To start with we'll download and install tezos-client and create a couple of test wallets. We'll use tezos-client - a command line interface to Tezos.
$ brew tap serokell/tezos-packaging https://github.com/serokell/tezos-packaging.git$ brew install tezos-client
tezos-packaging also provides prebuilt brew bottles for some macOS versions.
A quick and easy way to get tezos-client running on Linux is to download the latest
tezos-client binary, make it executable, and put it somewhere in your path. Alternatively you can add a package repository for your distribution, and install it from there. Using a package is a good idea for production systems as it automates the installation and allow easy updates.
Option 1: Install the binary
$ wget https://github.com/serokell/tezos-packaging/releases/latest/download/tezos-client$ chmod +x tezos-client$ mkdir -p $HOME/.local/bin$ mv tezos-client $HOME/.local/bin$ echo 'export PATH="$HOME/.local/bin:$PATH"' >> $HOME/.bashrc$ source $HOME/.bashrc
Option 2: Using packages on Ubuntu or Fedora
More Options: Get Tezos
Install one of Linux distributions using Windows Subsystem for Linux (WSL) (e.g. Ubuntu 18.04 LTS) and follow instructions for Linux.
tezos-client to use a public test network Tezos node:
$ tezos-client --endpoint https://rpcalpha.tzbeta.net config update
--endpoint parameter specifies the address of the server,
config update writes it to
tezos-client's configuration filed at
Alternatively, one can use an isolated sandboxed network instead of using a public test-network, which we'll do in the “Sandbox” section.
Verify that you can run tezos-client and that it points to test network:
$ tezos-clientWarning:This is NOT the Tezos Mainnet.Do NOT use your fundraiser keys on this network.Usage:tezos-client [global options] command [command options]tezos-client --help (for global options)tezos-client [global options] command --help (for command options)To browse the documentation:tezos-client [global options] man (for a list of commands)tezos-client [global options] man -v 3 (for the full manual)Global options (must come before the command):-d --base-dir <path>: client data directory-c --config-file <path>: configuration file-t --timings: show RPC request times--chain <hash|tag>: chain on which to apply contextual commands (possible tags are 'main' and 'test')-b --block <hash|tag>: block on which to apply contextual commands (possible tags are 'head' and 'genesis')-w --wait <none|<int>>: how many confirmation blocks before to consider an operation as included-p --protocol <hash>: use commands of a specific protocol-l --log-requests: log all requests to the node-A --addr <IP addr|host>: [DEPRECATED: use --endpoint instead] IP address of the node-P --port <number>: [DEPRECATED: use --endpoint instead] RPC port of the node-S --tls: [DEPRECATED: use --endpoint instead] use TLS to connect to node.-E --endpoint <uri>: HTTP(S) endpoint of the node RPC interface; e.g. 'http://localhost:8732'-R --remote-signer <uri>: URI of the remote signer-f --password-filename <filename>: path to the password filename-M --mode <client|mockup>: how to interact with the node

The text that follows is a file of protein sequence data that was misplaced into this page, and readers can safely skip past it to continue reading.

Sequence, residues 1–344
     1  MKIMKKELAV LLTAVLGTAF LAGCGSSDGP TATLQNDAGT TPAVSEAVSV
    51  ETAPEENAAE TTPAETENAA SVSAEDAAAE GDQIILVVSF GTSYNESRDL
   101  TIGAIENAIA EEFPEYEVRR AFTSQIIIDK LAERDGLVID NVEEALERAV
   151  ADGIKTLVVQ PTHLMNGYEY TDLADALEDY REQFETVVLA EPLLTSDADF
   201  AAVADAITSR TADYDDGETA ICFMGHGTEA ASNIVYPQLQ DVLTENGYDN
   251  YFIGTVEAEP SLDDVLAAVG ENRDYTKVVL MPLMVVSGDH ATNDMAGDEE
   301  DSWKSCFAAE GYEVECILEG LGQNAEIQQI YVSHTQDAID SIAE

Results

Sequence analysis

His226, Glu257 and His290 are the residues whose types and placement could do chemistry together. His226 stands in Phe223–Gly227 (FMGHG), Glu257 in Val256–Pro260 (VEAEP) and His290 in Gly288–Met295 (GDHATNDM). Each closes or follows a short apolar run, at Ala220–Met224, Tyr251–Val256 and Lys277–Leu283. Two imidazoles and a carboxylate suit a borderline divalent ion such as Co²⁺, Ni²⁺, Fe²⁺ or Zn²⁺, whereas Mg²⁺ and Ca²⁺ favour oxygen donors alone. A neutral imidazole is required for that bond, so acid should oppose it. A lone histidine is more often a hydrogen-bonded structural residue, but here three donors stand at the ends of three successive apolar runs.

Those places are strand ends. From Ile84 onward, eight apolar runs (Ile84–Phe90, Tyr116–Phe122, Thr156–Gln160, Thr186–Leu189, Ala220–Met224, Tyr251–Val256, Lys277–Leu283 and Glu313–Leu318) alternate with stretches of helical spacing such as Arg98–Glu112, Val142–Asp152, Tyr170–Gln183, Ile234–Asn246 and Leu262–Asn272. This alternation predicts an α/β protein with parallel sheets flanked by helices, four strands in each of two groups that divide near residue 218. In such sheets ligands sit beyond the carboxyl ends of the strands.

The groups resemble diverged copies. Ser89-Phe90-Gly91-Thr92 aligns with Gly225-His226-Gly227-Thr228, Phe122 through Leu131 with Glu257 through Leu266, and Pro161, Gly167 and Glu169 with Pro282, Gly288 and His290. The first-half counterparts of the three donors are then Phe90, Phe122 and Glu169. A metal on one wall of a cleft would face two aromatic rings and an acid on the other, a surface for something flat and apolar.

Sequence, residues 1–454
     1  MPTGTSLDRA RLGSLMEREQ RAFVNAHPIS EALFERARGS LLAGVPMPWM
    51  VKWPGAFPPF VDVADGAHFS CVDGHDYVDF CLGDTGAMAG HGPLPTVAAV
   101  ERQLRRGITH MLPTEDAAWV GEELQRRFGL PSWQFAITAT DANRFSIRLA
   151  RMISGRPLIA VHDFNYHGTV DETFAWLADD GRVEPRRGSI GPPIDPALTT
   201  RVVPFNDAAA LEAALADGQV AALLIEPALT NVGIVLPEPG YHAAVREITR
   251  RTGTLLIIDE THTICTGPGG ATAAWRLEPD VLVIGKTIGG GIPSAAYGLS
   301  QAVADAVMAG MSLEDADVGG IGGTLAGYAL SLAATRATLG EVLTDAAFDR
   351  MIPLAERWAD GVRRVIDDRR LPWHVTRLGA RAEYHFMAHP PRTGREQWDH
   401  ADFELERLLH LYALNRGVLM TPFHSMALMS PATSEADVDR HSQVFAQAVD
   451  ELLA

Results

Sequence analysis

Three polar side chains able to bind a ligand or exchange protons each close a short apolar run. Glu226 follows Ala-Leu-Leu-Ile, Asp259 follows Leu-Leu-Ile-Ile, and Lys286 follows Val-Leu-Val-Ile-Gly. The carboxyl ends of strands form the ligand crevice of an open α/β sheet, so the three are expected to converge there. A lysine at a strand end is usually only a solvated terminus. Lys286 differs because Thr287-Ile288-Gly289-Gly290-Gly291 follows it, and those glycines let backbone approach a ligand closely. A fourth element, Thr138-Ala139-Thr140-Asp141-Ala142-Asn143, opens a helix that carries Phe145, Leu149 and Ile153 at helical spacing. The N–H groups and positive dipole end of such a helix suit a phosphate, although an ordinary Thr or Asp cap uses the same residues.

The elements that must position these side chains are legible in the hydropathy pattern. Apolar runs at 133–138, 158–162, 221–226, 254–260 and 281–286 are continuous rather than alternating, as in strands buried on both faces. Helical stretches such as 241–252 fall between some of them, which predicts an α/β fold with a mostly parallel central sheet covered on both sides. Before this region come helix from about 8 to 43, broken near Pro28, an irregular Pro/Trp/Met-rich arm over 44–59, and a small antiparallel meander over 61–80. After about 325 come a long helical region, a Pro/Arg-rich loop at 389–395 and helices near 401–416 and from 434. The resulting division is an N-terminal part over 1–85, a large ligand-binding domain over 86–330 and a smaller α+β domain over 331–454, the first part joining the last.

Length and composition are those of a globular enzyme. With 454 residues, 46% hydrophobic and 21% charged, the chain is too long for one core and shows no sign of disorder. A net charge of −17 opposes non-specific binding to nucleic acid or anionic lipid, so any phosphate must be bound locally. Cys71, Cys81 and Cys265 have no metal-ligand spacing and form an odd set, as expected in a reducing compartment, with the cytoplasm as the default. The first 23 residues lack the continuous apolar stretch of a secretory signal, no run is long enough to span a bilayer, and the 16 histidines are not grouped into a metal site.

Now that we know we are on a test network we can temporarily disable this warning so that we don't see it with each command.
$ export TEZOS_CLIENT_UNSAFE_DISABLE_DISCLAIMER=yes
With tezos-client installed we can now make a couple of test wallets.
Go to the faucet.
Complete the captcha and download the wallet in the form of a .json file.
The file name is the wallet address (also known as the public key hash, or PKH) with a .json extension.
If you look inside the file you will see a property called pkh which contains the address.
The public key hash is used to identify the account on the Tezos block chain and can be though of as an address or account number.
Next we'll activate the account, passing it the path to the
.json wallet we just downloaded
We'll first create an account for Alice, then Bob, so we can perform some test transactions.
Don't be alarmed by the blank
Error: we'll explain why shortly.
$ tezos-client activate account alice with ~/Downloads/tz1QLne6uZFxPRdRfJG8msx5RouENpJoRsfP.jsonNode is bootstrapped, ready for injecting operations.Operation successfully injected in the node.Operation hash is 'oog2gMSBNWWTgHujoKViJaCed4wq27gPnLpHKQ27C5savX9ewAq'Waiting for the operation to be included...Error:
Error:message at the end of the output.
tezos-clientattempts to wait for operation inclusion but the public Tezos node we are using disallows access (as a security measure) to the part of node api that is necessary for this functionality. We use
--wait nonethroughout these tutorials to avoid this error. If you use your own local Tezos node you can omit
--wait none, the error won't happen.
Make a variable for Alice's account address (PKH) (notice that the address is the same as the name of your faucet
Ensure that the activation was successful:
$ tezos-client get balance for $ALICE_ADDRESS56828.546322 ꜩ
Now, we'll create a new wallet for Bob so we can do some test transactions in the next section.
Go back to the faucet and download a second wallet
$ tezos-client activate account bob with tz1ZQYMDETodNBAc2XVbhZFGme8KniuPqrSw.json$ BOB_ADDRESS="tz1ZQYMDETodNBAc2XVbhZFGme8KniuPqrSw"$ tezos-client get balance for $BOB_ADDRESS